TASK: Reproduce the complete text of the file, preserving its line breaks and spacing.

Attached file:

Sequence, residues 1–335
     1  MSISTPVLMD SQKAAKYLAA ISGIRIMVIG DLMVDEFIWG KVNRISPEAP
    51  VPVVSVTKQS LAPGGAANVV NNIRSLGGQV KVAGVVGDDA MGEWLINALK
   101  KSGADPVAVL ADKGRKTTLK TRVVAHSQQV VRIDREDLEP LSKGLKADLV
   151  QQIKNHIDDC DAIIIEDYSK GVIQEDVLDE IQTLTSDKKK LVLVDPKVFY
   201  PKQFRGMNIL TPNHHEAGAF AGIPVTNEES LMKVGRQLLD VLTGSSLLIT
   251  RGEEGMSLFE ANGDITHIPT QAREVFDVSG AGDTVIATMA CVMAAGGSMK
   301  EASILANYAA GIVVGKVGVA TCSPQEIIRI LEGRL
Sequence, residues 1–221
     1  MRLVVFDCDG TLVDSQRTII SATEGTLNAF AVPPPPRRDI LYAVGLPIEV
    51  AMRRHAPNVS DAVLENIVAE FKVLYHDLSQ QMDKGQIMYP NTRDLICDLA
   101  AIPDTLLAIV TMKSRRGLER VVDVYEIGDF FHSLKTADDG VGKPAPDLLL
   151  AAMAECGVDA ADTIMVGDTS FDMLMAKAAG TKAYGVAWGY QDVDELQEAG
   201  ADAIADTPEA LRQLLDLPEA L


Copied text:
Sequence, residues 1–335
     1  MSISTPVLMD SQKAAKYLAA ISGIRIMVIG DLMVDEFIWG KVNRISPEAP
    51  VPVVSVTKQS LAPGGAANVV NNIRSLGGQV KVAGVVGDDA MGEWLINALK
   101  KSGADPVAVL ADKGRKTTLK TRVVAHSQQV VRIDREDLEP LSKGLKADLV
   151  QQIKNHIDDC DAIIIEDYSK GVIQEDVLDE IQTLTSDKKK LVLVDPKVFY
   201  PKQFRGMNIL TPNHHEAGAF AGIPVTNEES LMKVGRQLLD VLTGSSLLIT
   251  RGEEGMSLFE ANGDITHIPT QAREVFDVSG AGDTVIATMA CVMAAGGSMK
   301  EASILANYAA GIVVGKVGVA TCSPQEIIRI LEGRL
Sequence, residues 1–221
     1  MRLVVFDCDG TLVDSQRTII SATEGTLNAF AVPPPPRRDI LYAVGLPIEV
    51  AMRRHAPNVS DAVLENIVAE FKVLYHDLSQ QMDKGQIMYP NTRDLICDLA
   101  AIPDTLLAIV TMKSRRGLER VVDVYEIGDF FHSLKTADDG VGKPAPDLLL
   151  AAMAECGVDA ADTIMVGDTS FDMLMAKAAG TKAYGVAWGY QDVDELQEAG
   201  ADAIADTPEA LRQLLDLPEA L